Categories: project portfolio
One of the main ideas that top management must maintain is that projects must be aligned with business objectives. This is where the concept of a project portfolio and the role of a Project Management Office (PMO) become important.
Let's suppose that a company establishes as a business objective to increase sales by 10% during the current year. Remember also that the objectives must be SMART (specific, measurable, achievable, realistic, time limited). In this scenario each area will come with its own projects, which require budget and time. For example, the sales area will present a project to acquire a new sales system through mobile devices. The human resources area will present another project that involves improving the infrastructure in which the staff currently works and the systems area will present a project to improve the technological infrastructure. Somehow, these areas will compete for scarce resources.
Which of the previous projects would have a higher priority?
At first glance it would seem that the sales system should be the highest priority project, since it is the one that most relates to the business objective ("increase sales"). Is this correct? If so, what would be the other project to prioritize?
The truth is that what at first seems to be the most appropriate, may require further analysis. What would be the real impact of acquiring that sales system? How long would the increase in sales allow us to recover our investment? Will there be another alternative solution with lower cost and greater impact? Defining if the projects are viable and which projects generate the greatest impact and which generate the highest ROI (return on investment) is an important task within the organizations to evaluate which projects contribute more significantly to the business objectives.
I am currently conducting a study on portfolio management and one of the first results confirms that several companies accept projects without analyzing if they contribute to their objectives.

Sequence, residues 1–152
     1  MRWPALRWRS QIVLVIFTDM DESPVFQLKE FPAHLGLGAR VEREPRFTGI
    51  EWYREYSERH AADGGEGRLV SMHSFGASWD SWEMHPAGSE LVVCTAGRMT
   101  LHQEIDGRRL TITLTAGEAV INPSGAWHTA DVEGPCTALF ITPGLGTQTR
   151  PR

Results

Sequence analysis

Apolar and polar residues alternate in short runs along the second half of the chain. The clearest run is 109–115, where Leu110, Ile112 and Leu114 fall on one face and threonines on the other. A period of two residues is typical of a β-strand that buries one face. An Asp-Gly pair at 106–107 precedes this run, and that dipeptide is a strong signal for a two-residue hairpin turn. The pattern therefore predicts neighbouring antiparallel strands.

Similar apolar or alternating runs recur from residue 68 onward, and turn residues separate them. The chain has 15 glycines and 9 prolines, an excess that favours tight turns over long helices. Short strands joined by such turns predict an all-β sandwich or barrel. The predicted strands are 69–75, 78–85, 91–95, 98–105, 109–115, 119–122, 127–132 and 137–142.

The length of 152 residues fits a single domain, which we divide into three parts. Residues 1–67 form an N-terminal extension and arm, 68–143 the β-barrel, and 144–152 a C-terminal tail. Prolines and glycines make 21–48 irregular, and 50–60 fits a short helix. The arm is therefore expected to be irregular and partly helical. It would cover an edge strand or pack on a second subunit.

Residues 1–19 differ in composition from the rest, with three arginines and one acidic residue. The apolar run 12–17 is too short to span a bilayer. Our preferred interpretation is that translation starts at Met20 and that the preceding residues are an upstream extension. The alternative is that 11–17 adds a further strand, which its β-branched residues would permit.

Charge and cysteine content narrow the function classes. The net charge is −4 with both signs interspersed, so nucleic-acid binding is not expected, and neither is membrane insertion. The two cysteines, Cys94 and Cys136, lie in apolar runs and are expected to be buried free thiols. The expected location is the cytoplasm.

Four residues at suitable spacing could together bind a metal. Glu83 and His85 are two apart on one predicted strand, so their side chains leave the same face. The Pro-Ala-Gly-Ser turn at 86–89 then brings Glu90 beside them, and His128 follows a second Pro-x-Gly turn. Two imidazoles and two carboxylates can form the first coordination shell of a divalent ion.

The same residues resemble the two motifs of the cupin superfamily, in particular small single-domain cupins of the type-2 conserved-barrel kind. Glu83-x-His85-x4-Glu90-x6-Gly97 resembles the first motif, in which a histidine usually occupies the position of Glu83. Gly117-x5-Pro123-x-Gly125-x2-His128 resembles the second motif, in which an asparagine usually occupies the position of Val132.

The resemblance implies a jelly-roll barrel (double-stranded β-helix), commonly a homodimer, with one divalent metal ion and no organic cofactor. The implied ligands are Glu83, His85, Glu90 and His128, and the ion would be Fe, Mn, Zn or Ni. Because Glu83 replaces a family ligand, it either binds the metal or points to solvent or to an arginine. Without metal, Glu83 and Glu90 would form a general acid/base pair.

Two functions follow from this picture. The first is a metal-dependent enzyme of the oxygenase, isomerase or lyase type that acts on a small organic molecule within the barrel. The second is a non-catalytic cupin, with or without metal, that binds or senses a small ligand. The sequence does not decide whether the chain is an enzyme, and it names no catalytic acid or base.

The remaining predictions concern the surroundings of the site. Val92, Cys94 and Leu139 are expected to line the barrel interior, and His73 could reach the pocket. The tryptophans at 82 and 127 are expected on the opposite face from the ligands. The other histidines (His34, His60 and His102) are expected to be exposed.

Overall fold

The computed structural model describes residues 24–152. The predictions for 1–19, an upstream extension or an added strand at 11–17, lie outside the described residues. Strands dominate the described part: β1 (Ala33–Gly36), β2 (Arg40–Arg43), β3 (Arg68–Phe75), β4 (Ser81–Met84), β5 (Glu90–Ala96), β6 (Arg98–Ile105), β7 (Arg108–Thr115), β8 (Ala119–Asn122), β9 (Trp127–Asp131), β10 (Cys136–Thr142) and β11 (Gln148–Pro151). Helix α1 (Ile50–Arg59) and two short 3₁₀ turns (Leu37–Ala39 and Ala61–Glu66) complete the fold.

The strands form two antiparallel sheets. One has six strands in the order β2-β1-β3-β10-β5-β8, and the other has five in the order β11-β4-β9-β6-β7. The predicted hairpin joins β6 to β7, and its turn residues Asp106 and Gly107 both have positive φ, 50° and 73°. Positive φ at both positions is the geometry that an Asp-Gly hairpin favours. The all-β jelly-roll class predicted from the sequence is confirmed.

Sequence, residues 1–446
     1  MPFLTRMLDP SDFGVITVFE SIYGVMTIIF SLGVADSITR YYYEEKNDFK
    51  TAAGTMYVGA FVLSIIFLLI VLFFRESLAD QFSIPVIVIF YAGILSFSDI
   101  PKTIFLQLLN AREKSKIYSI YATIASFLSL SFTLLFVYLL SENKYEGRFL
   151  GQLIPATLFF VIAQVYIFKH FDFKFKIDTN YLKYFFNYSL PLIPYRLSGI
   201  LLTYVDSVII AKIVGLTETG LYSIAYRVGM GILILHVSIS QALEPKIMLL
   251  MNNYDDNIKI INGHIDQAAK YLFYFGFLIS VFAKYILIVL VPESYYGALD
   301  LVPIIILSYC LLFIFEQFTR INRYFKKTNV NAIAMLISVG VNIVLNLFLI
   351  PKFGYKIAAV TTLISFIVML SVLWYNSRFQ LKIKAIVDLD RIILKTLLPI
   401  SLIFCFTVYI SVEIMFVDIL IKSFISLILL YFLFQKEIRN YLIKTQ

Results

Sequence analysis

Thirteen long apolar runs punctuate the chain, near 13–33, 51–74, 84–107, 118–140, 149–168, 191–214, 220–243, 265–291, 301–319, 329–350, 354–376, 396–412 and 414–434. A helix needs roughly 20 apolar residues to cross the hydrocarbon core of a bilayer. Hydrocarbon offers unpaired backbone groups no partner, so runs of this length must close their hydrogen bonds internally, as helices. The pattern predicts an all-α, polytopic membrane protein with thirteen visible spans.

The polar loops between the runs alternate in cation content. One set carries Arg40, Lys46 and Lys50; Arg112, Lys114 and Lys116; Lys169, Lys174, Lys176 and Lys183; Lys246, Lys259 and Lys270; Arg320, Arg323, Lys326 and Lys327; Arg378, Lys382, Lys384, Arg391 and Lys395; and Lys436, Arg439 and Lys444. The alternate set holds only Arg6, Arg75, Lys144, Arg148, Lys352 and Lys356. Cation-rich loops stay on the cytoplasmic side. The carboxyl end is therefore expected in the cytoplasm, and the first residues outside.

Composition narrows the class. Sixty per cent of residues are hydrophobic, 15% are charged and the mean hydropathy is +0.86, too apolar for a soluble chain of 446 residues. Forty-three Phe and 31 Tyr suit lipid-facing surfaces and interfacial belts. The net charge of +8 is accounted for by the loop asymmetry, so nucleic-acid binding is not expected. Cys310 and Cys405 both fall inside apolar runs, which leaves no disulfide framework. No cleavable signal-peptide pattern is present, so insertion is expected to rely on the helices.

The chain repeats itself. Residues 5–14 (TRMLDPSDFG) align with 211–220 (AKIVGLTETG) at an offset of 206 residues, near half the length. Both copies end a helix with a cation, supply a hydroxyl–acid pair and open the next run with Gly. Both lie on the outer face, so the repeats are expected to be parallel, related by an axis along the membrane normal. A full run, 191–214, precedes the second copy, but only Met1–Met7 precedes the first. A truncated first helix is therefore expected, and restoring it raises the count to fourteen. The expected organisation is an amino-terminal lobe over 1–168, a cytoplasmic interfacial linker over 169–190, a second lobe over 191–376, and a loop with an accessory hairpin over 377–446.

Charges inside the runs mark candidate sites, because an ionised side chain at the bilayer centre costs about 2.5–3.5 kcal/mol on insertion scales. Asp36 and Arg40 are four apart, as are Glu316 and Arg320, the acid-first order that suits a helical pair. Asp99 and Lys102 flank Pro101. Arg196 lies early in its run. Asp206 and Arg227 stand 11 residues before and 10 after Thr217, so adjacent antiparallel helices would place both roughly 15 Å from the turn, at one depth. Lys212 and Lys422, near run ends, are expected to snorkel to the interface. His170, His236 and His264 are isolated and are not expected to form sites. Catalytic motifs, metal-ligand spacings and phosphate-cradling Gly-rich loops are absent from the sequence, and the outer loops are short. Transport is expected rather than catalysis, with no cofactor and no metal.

On the other hand there are two other levels of alignment of additional objectives
1) Objectives of the team. For example, each area of the company defines its own objectives for the area and the team of people who work in it, will direct their efforts to comply with them. But these team objectives must maintain alignment with the main business objectives.
2) Personal objectives. Each member of a team has their own personal goals that can vary from covering their physiological needs, learn a new technology, lead teams, travel. etc. Probably when reading the latter one of the first words that comes to mind is "personal motivation" and the truth is that a person is more motivated to work, when the project in which he participates allows him to continue advancing in the fulfillment of his personal objectives.
The above applies to business, but if we generalize the same applies for our life in general. If we have an objective in life, we can analyze if the projects we initiate and the activities in which we engage contribute to the fulfillment of these objectives and we may discover that some of these activities in which we are involved do not contribute much and we could stop doing them, with which the time and effort devoted to other projects would bring us closer to the fulfillment of our main objective.